Categories:
Cart 0

Your cart is empty

David Zinman - Mahler: Symphony No. 9

Mes favoris

Cet élément a bien été ajouté / retiré de vos favoris.

Mahler: Symphony No. 9

David Zinman / Tonhalle-Orchester Zürich

Digital booklet

Unlimited Streaming

Listen to this album in high quality now on our apps

Enjoy this album on Qobuz apps with your subscription

Digital Download

Select Audio Quality

To be elegible for this price, subscribe to Sublime+

Langue disponible : anglais

David Zinman and the Zurich Tonhalle Orchestra have presented exceptional performances of Gustav Mahler's symphonies in the hybrid SACD format, and this recording of the Symphony No. 9 in D major follows suit in its spot-on reading and splendid sound. Among the most enigmatic and difficult of Mahler's completed symphonies to interpret (perhaps only exceeded in strangeness by the Symphony No. 7, or in mystery by the unfinished Symphony No. 10), the Symphony No. 9 is haunted by visions of death, and Mahler's range of expressions runs from poignant lyricism to abject terror, resignation, and finally, sublime transformation. Zinman takes the pulse of the work from its opening, throbbing notes (often thought to be a representation of Mahler's cardiac arrhythmia), and accurately gauges its progress through these emotions, which suddenly change and often without warning. The expressions never go over the top, and Zinman is careful to stay away from caricature, but he still brings across the extreme emotional nature of Mahler's music. The Tonhalle is flawless in its playing and cohesive and powerful as an ensemble, despite the many chamber-like passages that at times make it seem less imposing and even fragile in sonority. The multichannel DSD audio is expansive, deep, and clear, so details and special timbres are wonderfully showcased. Highly recommended.

More info

Mahler: Symphony No. 9

David Zinman

launch qobuz app I already downloaded Qobuz for Windows / MacOS Open

download qobuz app I have not downloaded Qobuz for Windows / MacOS yet Download the Qobuz app
Listen on Webplayer

Copy the following link to share it

You are currently listening to samples.

Listen to over 40 million songs with an unlimited streaming plan.

Listen to this album and more than 40 million songs with your unlimited streaming plans.

DISC 1

Symphony No. 9 in D Major (Gustav Mahler)

1
I. Andante comodo 00:30:53

David Zinman, Conductor - Gustav Mahler, Composer - Tonhalle Orchester Zürich, Performer - Chris Hazell, Producer

(P) 2010 Sony Music Entertainment

2
II. Im Tempo eines gemächlichen Ländlers. Etwas täppisch und sehr derb 00:15:50

David Zinman, Conductor - Gustav Mahler, Composer - Tonhalle Orchester Zürich, Performer - Chris Hazell, Producer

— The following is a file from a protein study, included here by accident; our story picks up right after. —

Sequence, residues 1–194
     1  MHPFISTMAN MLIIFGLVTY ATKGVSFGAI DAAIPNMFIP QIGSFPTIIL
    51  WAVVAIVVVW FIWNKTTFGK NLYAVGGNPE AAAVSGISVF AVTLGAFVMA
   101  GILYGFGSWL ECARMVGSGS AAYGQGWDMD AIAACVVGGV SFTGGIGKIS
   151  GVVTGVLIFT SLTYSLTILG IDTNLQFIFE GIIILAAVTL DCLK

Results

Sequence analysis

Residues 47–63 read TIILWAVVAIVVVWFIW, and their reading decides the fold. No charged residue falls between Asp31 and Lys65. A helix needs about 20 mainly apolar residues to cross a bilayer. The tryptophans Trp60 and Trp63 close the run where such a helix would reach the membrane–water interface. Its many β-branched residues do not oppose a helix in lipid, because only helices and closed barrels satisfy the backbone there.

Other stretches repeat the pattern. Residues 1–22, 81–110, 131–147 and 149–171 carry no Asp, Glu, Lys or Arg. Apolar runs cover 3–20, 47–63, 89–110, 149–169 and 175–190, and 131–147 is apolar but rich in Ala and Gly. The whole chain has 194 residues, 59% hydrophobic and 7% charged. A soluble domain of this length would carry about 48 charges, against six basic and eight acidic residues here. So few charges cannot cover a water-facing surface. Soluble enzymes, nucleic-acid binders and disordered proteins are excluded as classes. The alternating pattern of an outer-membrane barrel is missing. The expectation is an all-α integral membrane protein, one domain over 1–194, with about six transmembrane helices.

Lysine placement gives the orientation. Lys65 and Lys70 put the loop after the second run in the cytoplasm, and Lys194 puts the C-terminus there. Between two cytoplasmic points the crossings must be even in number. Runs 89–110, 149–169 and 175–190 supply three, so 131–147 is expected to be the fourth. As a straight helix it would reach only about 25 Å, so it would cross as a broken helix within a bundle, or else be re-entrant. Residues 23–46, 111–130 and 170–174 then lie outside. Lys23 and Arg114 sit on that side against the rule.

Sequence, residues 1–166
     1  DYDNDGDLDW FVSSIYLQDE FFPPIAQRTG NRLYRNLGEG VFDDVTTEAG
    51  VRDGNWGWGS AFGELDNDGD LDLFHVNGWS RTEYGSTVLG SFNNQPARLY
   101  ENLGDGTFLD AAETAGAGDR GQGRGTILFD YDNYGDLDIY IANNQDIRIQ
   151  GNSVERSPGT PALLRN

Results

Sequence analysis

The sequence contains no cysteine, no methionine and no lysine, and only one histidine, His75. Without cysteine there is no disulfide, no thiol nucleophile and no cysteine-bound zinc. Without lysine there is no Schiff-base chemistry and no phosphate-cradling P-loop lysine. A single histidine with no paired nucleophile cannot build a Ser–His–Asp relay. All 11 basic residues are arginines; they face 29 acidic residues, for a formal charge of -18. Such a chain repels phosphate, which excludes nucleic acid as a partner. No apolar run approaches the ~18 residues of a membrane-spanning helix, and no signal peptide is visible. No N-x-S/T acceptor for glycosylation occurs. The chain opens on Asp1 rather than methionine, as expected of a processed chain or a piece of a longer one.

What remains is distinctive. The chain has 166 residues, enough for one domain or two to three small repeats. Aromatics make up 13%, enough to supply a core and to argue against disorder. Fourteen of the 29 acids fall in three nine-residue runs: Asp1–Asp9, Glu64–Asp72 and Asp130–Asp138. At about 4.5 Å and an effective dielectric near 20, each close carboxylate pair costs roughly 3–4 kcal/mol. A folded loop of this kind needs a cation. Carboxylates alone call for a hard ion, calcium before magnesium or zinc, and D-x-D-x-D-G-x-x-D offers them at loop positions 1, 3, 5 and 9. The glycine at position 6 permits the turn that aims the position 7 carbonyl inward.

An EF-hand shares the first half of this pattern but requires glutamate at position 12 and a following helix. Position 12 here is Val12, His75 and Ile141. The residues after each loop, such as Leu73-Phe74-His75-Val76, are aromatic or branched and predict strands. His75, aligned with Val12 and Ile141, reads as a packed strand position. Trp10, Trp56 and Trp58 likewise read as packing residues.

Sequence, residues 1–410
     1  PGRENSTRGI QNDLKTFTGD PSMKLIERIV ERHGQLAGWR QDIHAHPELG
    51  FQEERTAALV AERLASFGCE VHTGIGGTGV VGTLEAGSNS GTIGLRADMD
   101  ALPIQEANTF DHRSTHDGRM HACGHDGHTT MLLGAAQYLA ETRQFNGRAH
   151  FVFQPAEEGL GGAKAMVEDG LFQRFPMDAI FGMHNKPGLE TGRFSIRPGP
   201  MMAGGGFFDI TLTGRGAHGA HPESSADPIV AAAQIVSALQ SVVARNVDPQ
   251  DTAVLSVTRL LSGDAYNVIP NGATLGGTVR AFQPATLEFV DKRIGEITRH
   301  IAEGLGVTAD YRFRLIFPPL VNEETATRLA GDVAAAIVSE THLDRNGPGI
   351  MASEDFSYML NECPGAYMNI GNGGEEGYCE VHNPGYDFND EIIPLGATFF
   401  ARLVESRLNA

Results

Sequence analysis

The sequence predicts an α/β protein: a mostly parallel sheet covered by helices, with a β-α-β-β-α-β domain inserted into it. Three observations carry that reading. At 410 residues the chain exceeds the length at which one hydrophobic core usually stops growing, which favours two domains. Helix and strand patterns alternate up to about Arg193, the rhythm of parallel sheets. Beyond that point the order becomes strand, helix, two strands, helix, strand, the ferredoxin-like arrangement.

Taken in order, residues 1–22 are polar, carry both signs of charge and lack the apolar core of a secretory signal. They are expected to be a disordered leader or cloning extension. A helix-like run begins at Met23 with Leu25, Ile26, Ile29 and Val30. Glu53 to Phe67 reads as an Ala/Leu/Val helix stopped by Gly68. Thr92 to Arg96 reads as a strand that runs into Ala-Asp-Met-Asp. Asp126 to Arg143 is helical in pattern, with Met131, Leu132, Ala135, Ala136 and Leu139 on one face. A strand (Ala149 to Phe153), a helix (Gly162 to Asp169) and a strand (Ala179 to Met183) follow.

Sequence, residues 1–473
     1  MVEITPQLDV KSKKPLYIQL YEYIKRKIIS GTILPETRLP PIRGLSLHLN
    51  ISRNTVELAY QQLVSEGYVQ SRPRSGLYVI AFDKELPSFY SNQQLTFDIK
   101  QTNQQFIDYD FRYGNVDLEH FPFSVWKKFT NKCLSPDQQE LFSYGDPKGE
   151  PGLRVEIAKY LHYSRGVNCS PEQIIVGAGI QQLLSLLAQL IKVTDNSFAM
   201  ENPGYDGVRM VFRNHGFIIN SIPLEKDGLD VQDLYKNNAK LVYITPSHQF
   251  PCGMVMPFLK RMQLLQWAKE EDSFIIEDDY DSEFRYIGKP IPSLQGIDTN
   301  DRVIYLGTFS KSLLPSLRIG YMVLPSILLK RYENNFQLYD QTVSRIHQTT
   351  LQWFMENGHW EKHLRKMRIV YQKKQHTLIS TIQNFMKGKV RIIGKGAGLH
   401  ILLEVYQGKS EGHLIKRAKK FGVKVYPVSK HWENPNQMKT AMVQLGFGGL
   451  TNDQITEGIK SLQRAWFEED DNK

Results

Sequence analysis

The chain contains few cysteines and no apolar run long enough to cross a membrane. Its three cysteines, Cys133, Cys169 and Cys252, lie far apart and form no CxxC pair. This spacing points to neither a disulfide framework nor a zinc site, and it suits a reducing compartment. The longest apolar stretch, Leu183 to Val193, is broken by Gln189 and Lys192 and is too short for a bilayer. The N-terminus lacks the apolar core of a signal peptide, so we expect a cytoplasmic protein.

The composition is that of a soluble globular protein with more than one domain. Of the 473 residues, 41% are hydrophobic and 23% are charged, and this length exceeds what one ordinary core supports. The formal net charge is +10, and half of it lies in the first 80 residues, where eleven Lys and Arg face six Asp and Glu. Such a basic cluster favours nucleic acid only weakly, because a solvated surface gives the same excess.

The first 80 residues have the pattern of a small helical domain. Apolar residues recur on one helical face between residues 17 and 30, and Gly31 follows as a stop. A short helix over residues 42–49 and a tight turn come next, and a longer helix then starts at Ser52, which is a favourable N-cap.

(P) 2010 Sony Music Entertainment

3
III. Rondo-Burleske: Allegro assai. Sehr trotzig 00:13:38

David Zinman, Conductor - Gustav Mahler, Composer - Tonhalle Orchester Zürich, Performer - Chris Hazell, Producer

(P) 2010 Sony Music Entertainment

DISC 2

Symphony No. 9 in D Major (Gustav Mahler)

1
IV. Adagio (sehr langsam) 00:28:41

David Zinman, Conductor - Gustav Mahler, Composer - Tonhalle Orchester Zürich, Performer - Chris Hazell, Producer

(P) 2010 Sony Music Entertainment

Album Description

David Zinman and the Zurich Tonhalle Orchestra have presented exceptional performances of Gustav Mahler's symphonies in the hybrid SACD format, and this recording of the Symphony No. 9 in D major follows suit in its spot-on reading and splendid sound. Among the most enigmatic and difficult of Mahler's completed symphonies to interpret (perhaps only exceeded in strangeness by the Symphony No. 7, or in mystery by the unfinished Symphony No. 10), the Symphony No. 9 is haunted by visions of death, and Mahler's range of expressions runs from poignant lyricism to abject terror, resignation, and finally, sublime transformation. Zinman takes the pulse of the work from its opening, throbbing notes (often thought to be a representation of Mahler's cardiac arrhythmia), and accurately gauges its progress through these emotions, which suddenly change and often without warning. The expressions never go over the top, and Zinman is careful to stay away from caricature, but he still brings across the extreme emotional nature of Mahler's music. The Tonhalle is flawless in its playing and cohesive and powerful as an ensemble, despite the many chamber-like passages that at times make it seem less imposing and even fragile in sonority. The multichannel DSD audio is expansive, deep, and clear, so details and special timbres are wonderfully showcased. Highly recommended.

About the album

Distinctions:

Improve this page

Qobuz logo Why buy on Qobuz...

On sale now...
More on Qobuz
By David Zinman
You may also like...
In your panoramas...
10 Versions of Berlioz’s Symphonie Fantastique

As a proper manifesto of French romanticism, Berlioz’s Symphonie fantastique marked the 19th century as much as Stravinsky’s The Rite of Spring impacted the 20th. Composed in Paris − which at the time was a global crucible for artistic creation − these two masterpieces catapulted musical language into another dimension. On December 5th, 1830 the revolutionary work of 27-year-old Hector Berlioz deeply moved the musicians present in the small room of the old academy of music, among whom were Meyerbeer and Liszt, who were impressed by the extraordinary audacity of this piece presented just three years after Beethoven’s death.

Picasso, when painting meets music

The modernist genius of Picasso quickly went beyond the pictorial frame to irradiate music and dance, two arts with which the Spanish painter has always had a close relationship, even influencing his composer friends met along the way.

History of Labels: Naïve Classique

Naïve Classique: a mighty river and its tributaries

In the news...